In 2004, she published Mary, Mother, and Warrior: The Virgin in Spain and Latin America which explored one thousand years of Marian devotion, with an emphasis on visual culture. Her last published work, Delores Del Rio: Beauty in Light and Shade (2013) revealed Del Rio and her career in all their complexity, while engaging with themes of gender, sexuality, race, and celebrity in the Mexico and the United States. The research and writing that she did for this book informed a popular and innovative course, “Beauty, Body, and Power,” which she taught even after she retired in 2016.
Hall is remembered by her colleagues at the University of New Mexico as a teacher of exceptional merit at both the undergraduate and graduate levels and fierce advocate of women faculty, and a wonderful mentor. She directed 24 completed doctoral dissertations and over 20 M.A. theses. She distinguished herself in service to the university as director of UNM’s Latin American Studies Program (1995-2000) and on serving numerous times on committees and boards for the Latin American and Iberian Institute.
“Linda Hall will be remembered as an energetic and thoughtful colleague who made a serious effort to mentor younger colleagues and who generously supported many graduate students working on Latin America,” remarked UNM associate professor of History Manuel García y Griego.
“During my leadership of Latin American Studies, from 2009-2013, Linda Hall was always fully engaged, offering wisdom and mentorship in her abundant service. I especially remember her generous and lively travel companionship in Mexico when she and Susan Tiano and I worked on collaboration with the Universidad Autónoma Nacional de México,” recalled Kathryn McKnight, associate professor in the UNM Department of Spanish and Portuguese.
Another colleague notes her warmth, graciousness, and her quick smile and laugh,
“Linda was a brilliant and prolific historian, a leader in the profession, a mentor to and pathbreaker for women professors like me. She encouraged and supported me from the first day I met her to our last conversation. She was a great traveler and adventurer, a fabulous cook and just great company. I miss her terribly,” said Scharff, UNM Distinguished Professor of History Emerita.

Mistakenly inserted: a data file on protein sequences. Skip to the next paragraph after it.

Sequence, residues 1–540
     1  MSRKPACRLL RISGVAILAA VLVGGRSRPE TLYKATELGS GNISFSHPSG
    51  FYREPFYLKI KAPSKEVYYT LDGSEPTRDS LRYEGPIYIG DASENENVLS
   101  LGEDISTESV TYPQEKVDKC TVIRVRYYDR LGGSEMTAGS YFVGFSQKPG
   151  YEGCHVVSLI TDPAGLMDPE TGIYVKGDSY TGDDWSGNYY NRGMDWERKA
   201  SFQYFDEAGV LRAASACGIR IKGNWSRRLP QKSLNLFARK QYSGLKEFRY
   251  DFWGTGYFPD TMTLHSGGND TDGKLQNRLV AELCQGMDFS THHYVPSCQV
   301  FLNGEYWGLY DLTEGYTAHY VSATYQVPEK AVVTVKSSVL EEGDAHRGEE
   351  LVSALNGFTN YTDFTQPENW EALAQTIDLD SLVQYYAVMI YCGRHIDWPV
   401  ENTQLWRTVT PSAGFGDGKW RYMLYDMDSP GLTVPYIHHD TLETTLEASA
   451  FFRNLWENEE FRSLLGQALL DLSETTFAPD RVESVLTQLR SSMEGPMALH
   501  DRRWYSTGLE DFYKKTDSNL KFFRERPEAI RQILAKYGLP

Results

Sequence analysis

A former student, Suzanne Pasztor, professor of History at California Polytechnic State University, Humboldt, wrote, “Linda approached her work and her life with an infectious joy and sense of fun. Her talents extended to cooking, a hobby that was supported by an impressive personal library of cookbooks. Linda also loved watching sports, and on many a weekend she could be found at her home in Albuquerque or in the bleachers at UNM cheering on a basketball or a football team.”
Pasztor spoke to Hall’s legacy: “Her former graduate students are now abundantly sprinkled among a host of universities and schools in the United States and Mexico. Linda’s legacy of excellence and joy continues with them.”
Hall earned many professional accolades and provided leadership throughout the historical profession. She served as president of the American Historical Association’s Pacific Coast Branch, held a number of visiting professorships and fellowship which included two Fulbright Fellowships to Peru, three research awards from the National Endowment for the Humanities and the Medalla de Acero de Mérito Histórico from the Society of History, Geography, and Statistics of Nuevo León. In 2000, the University of New Mexico recognized her as the University Research Lecturer, and she retired in 2016 as distinguished professor emerita of History.
A shorter version of this tribute was published in the May issue of Perspectives on History, the news magazine of the American Historical Association. The professional tribute was written by Pasztor. Portions of this tribute appear here.